What to Do if the Debt Collector Calls

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Falling behind on payments could lead to contact from a debt collector. If this happens, don't panic or avoid the calls. Instead, know your rights as a debtor.

Several laws regulate debt collection companies in California, including the Fair Debt Collection Practices Act (FDCPA) administered by the Federal Trade Commission (FTC), and California's Rosenthal Fair Debt Collection Practices Act (Civil Code 1788-1788.33).

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Respond immediately if you receive a demand for payment. The faster you and the collector communicate, the quicker the matter can be resolved.

If you receive a court summons regarding a debt, show up. Bring copies of any payment receipts, contracts, collector communication, and anything else you have to support your case. Failure to appear in court can, and often does, result in a default judgment against you.

validate the debt: do you really owe the money?
Third-party collection agencies are required by law to provide a written notice with the debt amount and the creditor's name to whom it's owed within five days after first contacting you about it. The law gives you the right to ask for even more information including the name and address of the original creditor, if different from the current one (debts are often resold). Make this request within 30 days after you receive the first collection notice. Any communication you have with the collector should be in writing for your protection. Once you tell the collection agency in writing that all communication must be in writing they must only contact you in writing.

Some collectors try to intimidate consumers into paying debts they don't actually owe. Don't fall for it. The debt may not be legally collectible for any of these reasons:

  • It's too old to be legally enforceable (the statute of limitations has passed). CAUTION: If you make any kind of payment toward the debt, make an agreement to pay, or charge against the account, by law, this restarts the statute of limitations.
  • It's owed by someone else (though you may be liable if you co-signed for it).
  • The claim is based on an agreement that must be in writing, but there is no written contract.
  • You were billed for an item that you never ordered, never received, or that you returned.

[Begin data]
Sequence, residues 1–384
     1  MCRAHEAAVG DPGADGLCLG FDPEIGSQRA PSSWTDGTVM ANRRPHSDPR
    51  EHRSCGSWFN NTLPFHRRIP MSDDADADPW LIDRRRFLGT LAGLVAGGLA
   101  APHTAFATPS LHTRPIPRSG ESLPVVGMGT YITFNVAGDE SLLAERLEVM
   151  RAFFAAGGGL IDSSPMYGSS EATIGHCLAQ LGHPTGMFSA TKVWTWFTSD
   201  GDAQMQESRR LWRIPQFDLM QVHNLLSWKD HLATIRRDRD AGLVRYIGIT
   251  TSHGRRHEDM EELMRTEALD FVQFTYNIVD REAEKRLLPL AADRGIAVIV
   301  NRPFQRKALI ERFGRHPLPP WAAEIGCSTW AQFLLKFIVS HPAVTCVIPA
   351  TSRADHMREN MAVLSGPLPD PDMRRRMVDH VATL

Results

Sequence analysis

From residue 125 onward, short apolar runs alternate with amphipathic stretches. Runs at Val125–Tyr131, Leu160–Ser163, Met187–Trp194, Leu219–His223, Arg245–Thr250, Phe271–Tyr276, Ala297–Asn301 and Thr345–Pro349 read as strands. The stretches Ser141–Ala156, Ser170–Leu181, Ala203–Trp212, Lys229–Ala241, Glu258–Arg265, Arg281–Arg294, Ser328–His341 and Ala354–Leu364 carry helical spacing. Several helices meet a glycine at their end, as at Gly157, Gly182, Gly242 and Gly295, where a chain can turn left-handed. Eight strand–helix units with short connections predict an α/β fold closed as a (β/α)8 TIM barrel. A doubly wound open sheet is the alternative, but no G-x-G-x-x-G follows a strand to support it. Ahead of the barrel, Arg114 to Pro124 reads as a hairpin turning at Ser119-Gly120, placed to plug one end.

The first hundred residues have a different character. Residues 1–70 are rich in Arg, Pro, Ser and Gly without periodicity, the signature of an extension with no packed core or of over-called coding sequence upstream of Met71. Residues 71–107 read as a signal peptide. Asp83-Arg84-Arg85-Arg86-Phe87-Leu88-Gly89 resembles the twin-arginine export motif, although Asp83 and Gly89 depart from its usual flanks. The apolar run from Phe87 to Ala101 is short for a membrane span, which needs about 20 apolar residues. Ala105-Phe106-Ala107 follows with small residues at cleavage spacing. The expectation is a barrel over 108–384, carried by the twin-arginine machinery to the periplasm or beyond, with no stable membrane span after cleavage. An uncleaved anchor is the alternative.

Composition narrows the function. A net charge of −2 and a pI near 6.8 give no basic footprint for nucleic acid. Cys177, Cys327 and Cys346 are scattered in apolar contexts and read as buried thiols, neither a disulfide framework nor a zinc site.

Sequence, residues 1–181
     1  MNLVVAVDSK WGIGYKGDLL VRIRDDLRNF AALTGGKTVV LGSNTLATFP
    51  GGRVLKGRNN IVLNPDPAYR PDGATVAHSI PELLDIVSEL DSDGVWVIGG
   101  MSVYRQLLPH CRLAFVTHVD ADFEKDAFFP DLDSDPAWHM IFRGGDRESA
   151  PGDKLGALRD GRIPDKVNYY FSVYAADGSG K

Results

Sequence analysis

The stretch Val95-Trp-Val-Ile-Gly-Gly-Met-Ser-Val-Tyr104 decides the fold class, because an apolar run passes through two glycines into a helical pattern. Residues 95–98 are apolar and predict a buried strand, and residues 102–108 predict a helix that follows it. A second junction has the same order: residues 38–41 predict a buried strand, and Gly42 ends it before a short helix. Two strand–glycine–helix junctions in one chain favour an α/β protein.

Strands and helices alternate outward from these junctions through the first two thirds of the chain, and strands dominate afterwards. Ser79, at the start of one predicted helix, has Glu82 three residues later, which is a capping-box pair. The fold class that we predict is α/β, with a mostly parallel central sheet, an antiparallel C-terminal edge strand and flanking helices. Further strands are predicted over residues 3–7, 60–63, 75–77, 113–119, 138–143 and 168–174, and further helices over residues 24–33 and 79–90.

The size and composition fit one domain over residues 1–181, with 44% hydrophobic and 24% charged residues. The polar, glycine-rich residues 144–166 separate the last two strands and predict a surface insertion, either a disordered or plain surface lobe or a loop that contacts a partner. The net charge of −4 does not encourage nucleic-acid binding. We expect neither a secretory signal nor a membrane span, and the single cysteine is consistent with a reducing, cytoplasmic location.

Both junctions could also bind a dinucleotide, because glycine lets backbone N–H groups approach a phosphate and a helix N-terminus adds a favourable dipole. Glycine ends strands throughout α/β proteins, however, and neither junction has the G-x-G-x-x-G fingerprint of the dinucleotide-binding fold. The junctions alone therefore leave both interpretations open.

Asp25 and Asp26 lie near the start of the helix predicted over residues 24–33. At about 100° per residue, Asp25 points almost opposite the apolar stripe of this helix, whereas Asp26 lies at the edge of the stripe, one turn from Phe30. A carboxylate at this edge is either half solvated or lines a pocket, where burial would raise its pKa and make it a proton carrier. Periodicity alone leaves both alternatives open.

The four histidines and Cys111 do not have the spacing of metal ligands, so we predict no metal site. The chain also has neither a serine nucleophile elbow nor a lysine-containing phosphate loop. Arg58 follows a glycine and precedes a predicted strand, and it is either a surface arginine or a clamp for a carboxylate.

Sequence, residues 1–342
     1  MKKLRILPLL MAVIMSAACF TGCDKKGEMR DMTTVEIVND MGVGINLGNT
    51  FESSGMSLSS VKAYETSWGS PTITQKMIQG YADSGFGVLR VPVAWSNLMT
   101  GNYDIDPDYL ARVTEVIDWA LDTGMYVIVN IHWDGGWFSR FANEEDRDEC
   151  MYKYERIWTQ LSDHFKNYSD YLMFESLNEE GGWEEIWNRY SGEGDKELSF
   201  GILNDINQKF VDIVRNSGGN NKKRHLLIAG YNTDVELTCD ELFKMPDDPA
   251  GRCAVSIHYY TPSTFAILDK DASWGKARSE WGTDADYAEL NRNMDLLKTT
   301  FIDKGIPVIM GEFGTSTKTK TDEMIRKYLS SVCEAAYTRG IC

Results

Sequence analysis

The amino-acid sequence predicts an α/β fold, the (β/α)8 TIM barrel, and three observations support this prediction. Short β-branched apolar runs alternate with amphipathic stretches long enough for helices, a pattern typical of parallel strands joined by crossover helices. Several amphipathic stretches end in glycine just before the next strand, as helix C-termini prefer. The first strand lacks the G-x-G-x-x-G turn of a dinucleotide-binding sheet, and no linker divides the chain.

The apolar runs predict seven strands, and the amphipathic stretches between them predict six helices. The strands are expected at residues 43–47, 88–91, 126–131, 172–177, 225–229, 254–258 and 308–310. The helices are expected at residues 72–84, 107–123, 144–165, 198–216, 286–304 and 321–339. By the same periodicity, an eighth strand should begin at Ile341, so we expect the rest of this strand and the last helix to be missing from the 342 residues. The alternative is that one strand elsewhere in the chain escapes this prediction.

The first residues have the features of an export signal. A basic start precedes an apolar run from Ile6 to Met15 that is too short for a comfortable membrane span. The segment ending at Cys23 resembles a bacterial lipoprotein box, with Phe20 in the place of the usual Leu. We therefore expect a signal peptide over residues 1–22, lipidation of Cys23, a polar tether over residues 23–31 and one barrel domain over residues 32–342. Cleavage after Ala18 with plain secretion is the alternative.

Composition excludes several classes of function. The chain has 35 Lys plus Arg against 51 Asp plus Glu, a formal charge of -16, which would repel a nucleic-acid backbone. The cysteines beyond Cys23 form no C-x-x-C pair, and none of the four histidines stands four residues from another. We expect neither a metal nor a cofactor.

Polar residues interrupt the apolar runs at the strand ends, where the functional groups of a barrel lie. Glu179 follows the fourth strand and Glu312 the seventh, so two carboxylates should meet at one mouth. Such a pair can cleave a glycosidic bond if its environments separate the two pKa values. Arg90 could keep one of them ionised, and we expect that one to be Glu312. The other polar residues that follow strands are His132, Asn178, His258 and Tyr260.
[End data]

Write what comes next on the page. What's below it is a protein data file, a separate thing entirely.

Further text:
• The contract is one that you have a right to cancel.
  • You are a victim of fraud or identity theft.
  • The debt was discharged in bankruptcy.
  • Protections apply under the Servicemembers Civil Relief Act.

You may need to consult an attorney to help you determine if you legally owe the debt. Consumers should be responsible for their debt, but collection industry representatives must use lawfully authorized remedies to collect it.

what collectors can't do

  • Use, or threaten to use, physical force, violence, or any criminal means to harm you, your reputation, or your property.
  • Threaten any action that they don't intend to take, or is against the law.
  • Use obscene or profane language.
  • Call you before 8 a.m. or after 9 p.m.
  • Cause a telephone to ring repeatedly, or contact you so often it constitutes harassment.
  • Discuss specifics of your debt with anyone else.
  • Say they're attorneys when they're not.

what collectors can do

  • Contact your employer for reasons essential to the debt collection, such as confirming that you work there, checking for medical coverage for a medical bill, or effecting wage garnishment after winning a court judgment.
  • Contact another person to confirm your location or enforce a judgment.
  • Sue you if you ignore their collection attempts, get a court judgment against you, and use it to garnish your wages.
  • Add interest to the debt owed (within limits specified by the agreement that created the original debt, or by law). Ask the collection agency in writing to explain to you—also in writing—how much interest is added and why.

if you're an identity theft victim
Visit the FTC's identity theft Web site at www.ftc.gov and follow the steps, or call 877.FTC.HELP or 877.382.4357.

filing a complaint
If you think a debt collector has violated a law, you can file a complaint with the California Attorney General's Office at 800.952.5225 and the FTC at 877.FTC.HELP or 877.382.4357. Collection laws give you the right to sue a collector in a State or Federal court within one year from the violation date.